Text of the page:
If the tumour is lying below the nerve in the deeper part of the parotid, then the above procedure is extended to include the remaining third of the parotid gland that lies below the facial nerve. The facial nerve has to be further dissected to lift it off the remaining 1/3 portion of the parotid gland. The whole gland is then removed entirely.


Radical Parotidectomy  

Malignant tumours that have infiltrated the parotid gland and involve the facial nerve represent aggressive high grade lesions. They are treated by entire parotid gland removal with part or all of the facial nerve in conjunction with a neck dissection. Patients with aggressive or advanced tumours are at particular risk of neck metastasis (spreading of cancer cells to other areas)

With parotidectomy. another set of quite invasive cosmetic operations has been devised to fill the hole left by the extracted parotid gland. 


Complications Associated with Parotidectomy

Risks exist to a greater or lesser degree depending on how much of the parotid gland is removed. These risks exist also with the less invasive ECD procedure but to a much lesser degree.

The main risk with parotidectomy is injury to the facial nerve which leads to various post-operative complications depending on how much damage is done. Different branches of the facial nerve control various areas of the face.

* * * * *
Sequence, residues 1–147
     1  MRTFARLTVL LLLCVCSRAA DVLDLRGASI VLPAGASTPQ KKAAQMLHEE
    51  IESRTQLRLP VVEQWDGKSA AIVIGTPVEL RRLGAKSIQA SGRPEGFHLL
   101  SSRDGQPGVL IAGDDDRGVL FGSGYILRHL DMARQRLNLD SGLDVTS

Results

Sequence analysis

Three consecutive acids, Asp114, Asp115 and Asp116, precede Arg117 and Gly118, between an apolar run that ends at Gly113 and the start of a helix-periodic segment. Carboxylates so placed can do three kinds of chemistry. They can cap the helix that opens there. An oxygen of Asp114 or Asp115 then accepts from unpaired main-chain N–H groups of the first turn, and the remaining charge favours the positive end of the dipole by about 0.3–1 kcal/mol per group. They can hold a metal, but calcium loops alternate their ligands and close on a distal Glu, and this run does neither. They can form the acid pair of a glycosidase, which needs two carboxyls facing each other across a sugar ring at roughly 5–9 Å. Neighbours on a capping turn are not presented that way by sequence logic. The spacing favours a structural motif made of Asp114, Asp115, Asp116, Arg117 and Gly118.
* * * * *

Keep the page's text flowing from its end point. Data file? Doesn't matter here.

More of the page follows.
1.  Frey's Syndrome  

The filleting process and removal of parts of the parotid gland can damage part of the nerve network that controls salivary secretion. At the same time, the exposure of the parotid achieved by lifting the skin off its surface inevitably damages a separate set of nerves that control sweating in the skin. In parotidectomy, the skin is laid back over the raw surface of the parotid gland. These nerves try to heal after surgery and they can make incorrect connections with sweat glands on the cheek. This can result in sweating in the operated area while eating, or when anticipating eating.

2.  Facial paralysis and weakness

Although the facial nerves can heal themselves to a large extent, a major risk is permanent injury to the facial nerve. It can cause problems in controlling facial muscles and expression, including the ability to fully close the lips and the eyelid on the operated side.

3. Facial hollowing

The parotid gland is fairly large. If all or part of it is removed, then to some degree it leaves a depression on the upper cheek and neck. For cosmetic reasons, there have been attempts to replace the gland with donated tissue from elsewhere in the body. These have not been completely successful and are quite invasive. They involve fat transfer, rotating muscle or fascia from the scalp or the sternomastoid muscle in the neck.

These masking prodedures are completely unnecessary if ECD is performed.

4. Fistula

After parotid surgery a fistula may develop. This is when the damaged parotid gland leaks saliva into the operative field instead of it being channelled normally into the mouth through the salivary duct. Instead of draining into the mouth, the saliva collects under the skin at the site of surgery. Unless released it will burst through the healing incision on the surface and leak onto the neck and clothes.

It can be very disabling.





Benign Tumours - How common are they?